Live Generative Video Installation 2012
In collaboration with Deborah Aschheim & Daragh Byrne
Amazon.com campus, 207 Boren Ave. N., Seattle, WA 2012
In the process, it foregrounds an obsessive attention to the unobserved minutiae of everyday human experience while posing questions about contemporary American values.
Does an atmosphere of hyper-vigilance and loss of privacy actually make us more secure?
Revenge of the Lawn is a durational installation that examines our culture’s estrangement from organic processes and pokes fun at our desire to master the natural world. Revenge of the Lawn presents a typical living room scene made out of furniture that has been reupholstered with soil and seeds. It is a fantasy environment designed to encourage ‘nature’ to reclaim ‘man-made’ objects and permeate the boundary between Indoor and Outdoor, calling attention to the arbitrariness of these binaries. As the tableau of tranquil domesticity is progressively threatened by overgrowth, it calls to mind apocalyptic or science-fiction scenarios. Although the title is campy and the piece’s overall effect is humorous, there is a darker edge that hints at an out-of-balance world in which humans are no longer present.
Revenge of the Lawn was originally created in 2003 but was completely redesigned for the 2008 version. The installation was presented on a public pathway in the heart of Lincoln Park, adjacent to the museum entrance, in a room-like stone courtyard surrounded by native prairie flora and fauna. The sculpture featured hand-sewn panels containing soil and seeds that were upholstered to the surfaces of the furniture. Several other items such as slippers, dishes, and a spoon were seeded as well and contributed to the domesticity and humor of the site. A drip/spray irrigation system was integrated into the installation site. A networked video camera, built into a custom weather- and theft-proof enclosure, took pictures of the growth every 15 minutes and uploaded the images to a remote server, where they were combined into time-lapse video. The resulting videos and live camera feed were viewable on my site revengeofthelawn.com. The whole system – watering, image capture, and video rendering – functioned autonomously with minimal human intervention.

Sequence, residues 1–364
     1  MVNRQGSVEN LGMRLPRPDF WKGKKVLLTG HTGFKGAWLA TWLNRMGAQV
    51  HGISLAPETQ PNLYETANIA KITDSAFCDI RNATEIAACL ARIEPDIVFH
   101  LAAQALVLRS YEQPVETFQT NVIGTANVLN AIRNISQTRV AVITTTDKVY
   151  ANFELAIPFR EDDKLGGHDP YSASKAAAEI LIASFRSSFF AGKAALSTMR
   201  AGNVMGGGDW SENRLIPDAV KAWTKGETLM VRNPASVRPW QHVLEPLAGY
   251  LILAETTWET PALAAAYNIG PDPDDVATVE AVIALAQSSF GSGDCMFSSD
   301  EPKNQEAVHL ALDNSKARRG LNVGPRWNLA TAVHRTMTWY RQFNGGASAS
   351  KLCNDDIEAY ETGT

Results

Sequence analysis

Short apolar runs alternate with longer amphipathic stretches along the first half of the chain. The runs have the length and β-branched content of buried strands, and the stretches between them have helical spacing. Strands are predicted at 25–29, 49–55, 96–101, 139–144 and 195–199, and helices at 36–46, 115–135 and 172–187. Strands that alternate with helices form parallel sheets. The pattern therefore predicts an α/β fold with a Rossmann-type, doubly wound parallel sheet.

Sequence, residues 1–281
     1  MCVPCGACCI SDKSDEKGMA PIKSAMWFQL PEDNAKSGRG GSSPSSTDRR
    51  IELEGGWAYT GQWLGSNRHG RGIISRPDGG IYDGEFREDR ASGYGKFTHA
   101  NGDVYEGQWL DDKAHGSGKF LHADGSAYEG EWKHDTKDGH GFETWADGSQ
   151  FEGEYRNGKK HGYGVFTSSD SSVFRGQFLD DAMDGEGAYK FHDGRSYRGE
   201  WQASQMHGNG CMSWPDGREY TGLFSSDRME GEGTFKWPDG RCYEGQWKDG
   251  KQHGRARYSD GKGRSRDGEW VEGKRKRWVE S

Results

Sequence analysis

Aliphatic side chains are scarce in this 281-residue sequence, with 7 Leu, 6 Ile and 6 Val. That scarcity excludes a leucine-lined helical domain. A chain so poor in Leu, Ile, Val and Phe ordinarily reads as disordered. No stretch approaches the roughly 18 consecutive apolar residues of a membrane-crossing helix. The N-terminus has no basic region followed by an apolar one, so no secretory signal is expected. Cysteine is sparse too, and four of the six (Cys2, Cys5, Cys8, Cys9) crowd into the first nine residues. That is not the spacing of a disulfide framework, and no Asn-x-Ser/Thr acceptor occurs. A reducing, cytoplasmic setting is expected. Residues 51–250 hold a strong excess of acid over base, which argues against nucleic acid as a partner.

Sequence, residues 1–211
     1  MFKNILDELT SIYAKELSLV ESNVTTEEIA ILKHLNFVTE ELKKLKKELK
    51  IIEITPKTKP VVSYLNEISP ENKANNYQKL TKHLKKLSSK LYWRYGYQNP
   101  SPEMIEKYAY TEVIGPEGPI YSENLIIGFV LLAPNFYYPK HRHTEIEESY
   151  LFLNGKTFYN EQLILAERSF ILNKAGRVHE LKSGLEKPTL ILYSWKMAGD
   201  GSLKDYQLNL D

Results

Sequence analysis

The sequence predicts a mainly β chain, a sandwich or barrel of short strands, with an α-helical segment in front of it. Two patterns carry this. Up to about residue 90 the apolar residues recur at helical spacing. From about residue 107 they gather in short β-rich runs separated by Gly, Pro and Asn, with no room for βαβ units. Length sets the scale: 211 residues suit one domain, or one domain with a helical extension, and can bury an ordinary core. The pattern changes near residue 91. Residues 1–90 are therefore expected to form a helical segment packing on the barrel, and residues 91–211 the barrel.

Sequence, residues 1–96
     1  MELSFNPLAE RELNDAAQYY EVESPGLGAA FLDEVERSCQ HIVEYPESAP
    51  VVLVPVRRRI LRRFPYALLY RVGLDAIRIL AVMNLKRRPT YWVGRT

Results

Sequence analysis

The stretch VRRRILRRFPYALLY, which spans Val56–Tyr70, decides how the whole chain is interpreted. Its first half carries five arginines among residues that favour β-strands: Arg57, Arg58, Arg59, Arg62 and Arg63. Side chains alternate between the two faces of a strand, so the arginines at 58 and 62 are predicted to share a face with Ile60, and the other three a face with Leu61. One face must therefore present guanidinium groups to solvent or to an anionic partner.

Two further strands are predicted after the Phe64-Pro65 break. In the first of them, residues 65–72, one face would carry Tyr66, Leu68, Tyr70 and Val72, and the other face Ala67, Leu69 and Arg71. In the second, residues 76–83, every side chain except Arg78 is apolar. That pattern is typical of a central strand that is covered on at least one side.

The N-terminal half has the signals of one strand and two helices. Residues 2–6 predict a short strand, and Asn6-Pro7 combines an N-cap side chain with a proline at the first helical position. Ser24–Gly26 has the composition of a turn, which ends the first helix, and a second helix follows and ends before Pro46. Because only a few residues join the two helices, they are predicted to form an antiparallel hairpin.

This piece manifests the attraction/ repulsion relationship I have with TV. It provides a hyper-stimulating barrage of fast-paced images and sounds, yet frustrates attempts to actually ‘watch’ it in a conventional sense.
Created as the culmination of my MFA in Art & Technology, this electronic installation is run by a MAX/MSP/Jitter patch that both outputs video samples and talks to a PIC microcontroller. The PIC is programmed in C with my rhythmic pattern algorithms and controls custom video switching electronics.
Located in the backyard of Chicago’s 1926 Exhibition Studies Space/Roger Brown House during the summer of 2003, Revenge Of The Lawn was a living room scene made out of found furniture reupholstered with soil and seeds. It was an environment designed to encourage “nature” to reclaim “man-made” objects and permeate the boundary between Indoor and Outdoor.
During the course of the installation, viewers could visit www.revengeofthelawn.com for a live webcam and ongoing time-lapse video footage of the installation as it sprouted, grew, and ultimately withered and died.
Watch Time-lapse video